I recently came across an interesting article on MSN, which talked about unhealthy TV characters and the real life example their lifestyle habits set for us. What I found most striking about the list was how prominently it was populated by men. Of the 11 characters presented, ten were male; and of these, the majority were aged around 35 to 40.
I know they’re only fictional, but it still got me thinking about the wider social perceptions of men in this age bracket. Is it an accepted fact that men, upon reaching this age, are more likely to throw caution to the wind and exercise less?
It could certainly be argued that the duties of being a parent combined with professional life might make it harder for some to find the time to exercise and participate in sports. But these factors don’t make any exercise less essential. In fact, the importance of maintaining a healthy diet and exercise regime only increases the older men get.
With this in mind, I thought it might be interesting to get in touch with the person who provided the medical insight to that article, Dr Wayne of Treated.com, and get his take on the subject in a little more detail:
Dr Wayne, why it is so crucial for men to keep up an exercise programme as they approach 40?
Hi Paul and thanks for having me on your blog.
It’s certainly a wide-ranging question with a lot of issues to consider, but perhaps a good place to start is with the increased susceptibility of men over 40 to physical conditions like high blood pressure, and diabetes.
It goes without saying that diet plays a huge role in preventing illnesses like these from developing, but so does exercise. Cardiovascular workouts such as jogging or swimming in particular are good for the heart and circulation, as they help to prevent the arteries from stiffening with age. Along with weight training, cardio helps the body burn calories, and keep it at a healthy weight; thus reducing the risk of diabetes, as well as heart problems such as angina.
Tip: For cardio, personally I would recommend competitive sports, like badminton or football, as they usually require short bursts of high-intensity sprints. This sort of workout encourages the body to go on burning calories for longer in the post-exercise period. They’re also fun, and provide a nice break from doing steady-state cardio all the time.
Also as we get older, we also lose bone mass, making us more susceptible to brittle and weak bones, and osteoporosis. Strength training can significantly offset this, however, and produce more of those hormones in the body (such as testosterone) which can help to keep bones healthy and strong. It’s also important to remember that the stronger the muscles are, the more support they provide to the joints, preventing damage and reducing the risk of osteoarthritis.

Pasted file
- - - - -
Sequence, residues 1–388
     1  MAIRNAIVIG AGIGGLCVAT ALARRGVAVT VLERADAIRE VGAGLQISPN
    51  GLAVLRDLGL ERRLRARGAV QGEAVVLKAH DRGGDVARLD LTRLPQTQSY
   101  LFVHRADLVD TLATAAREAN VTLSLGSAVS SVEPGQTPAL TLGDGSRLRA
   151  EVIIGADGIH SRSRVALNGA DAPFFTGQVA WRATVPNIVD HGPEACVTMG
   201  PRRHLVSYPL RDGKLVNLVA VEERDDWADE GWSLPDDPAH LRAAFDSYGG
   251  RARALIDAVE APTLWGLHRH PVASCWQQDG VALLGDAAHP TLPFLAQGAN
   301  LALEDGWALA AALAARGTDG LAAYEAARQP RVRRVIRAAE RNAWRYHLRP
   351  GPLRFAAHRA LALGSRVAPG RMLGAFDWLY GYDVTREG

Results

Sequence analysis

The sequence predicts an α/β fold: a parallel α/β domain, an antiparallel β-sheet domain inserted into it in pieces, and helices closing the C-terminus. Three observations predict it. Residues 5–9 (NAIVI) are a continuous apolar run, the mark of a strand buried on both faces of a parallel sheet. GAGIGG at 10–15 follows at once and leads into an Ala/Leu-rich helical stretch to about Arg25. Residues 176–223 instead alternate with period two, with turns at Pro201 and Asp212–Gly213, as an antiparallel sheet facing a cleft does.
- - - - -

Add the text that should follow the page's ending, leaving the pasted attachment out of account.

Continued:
Tip: Weight training doesn’t necessarily mean pumping ridiculously heavy loads. If you’re new to it, start at a level you’re comfortable with, and concentrate on getting your form right before increasing the weight. The best types of lifts are those which concentrate on more than one area, such as squats, deadlifts and bench presses.
Another good reason to bring up is quality of life. Generally the fitter a person is, the happier they are and less susceptible to stress. But something which many men don’t consider is the effect on their sex life too. Men over 40 are much more prone to issues such as erectile dysfunction; it is thought to affect nearly half of all men in the UK who are at retirement age or over, as explained on Treated.com, requiring treatment such as Viagra. This issue is largely caused by poor blood flow; so again, cardiovascular exercise, by helping to keep blood vessels open, can reduce the likelihood of sexual problems occurring.
Tip: Cycling is a great cardio workout. Some doctors have, however, expressed concerns that sitting on a bicycle seat for extended periods puts added pressure on the perineal nerves and may lead to temporary erectile problems. If you can, try to use a ‘no-nose’ seat. If you’re using an exercise bike at the gym, you can try changing things up every now and then with a spell on the treadmill or the rowing machine.
There’s no doubt that 40 is a milestone for most of us. From my experience talking to patients, the most prominent misconception I’ve encountered about exercise is that, for those at the age of 35-40 who aren’t in great shape, it’s too late a stage to start. But it certainly isn’t. When you consider the above, this is as crucial a time as any to make sure that your health is in good standing.
Tip: If you’re a late starter, ease yourself in. Don’t feel like you have to make up for lost time by pushing yourself too hard. A great place to begin is at the NHS recommended levels. This is just two and a half hours a week of moderate aerobic exercise, such as cycling or fast-walking; or one hour and fifteen minutes a week of intense exercise, such as jogging or playing football. If you’re in training for a charity run or event, plan well in advance, and build up the intensity and length of your workouts gradually.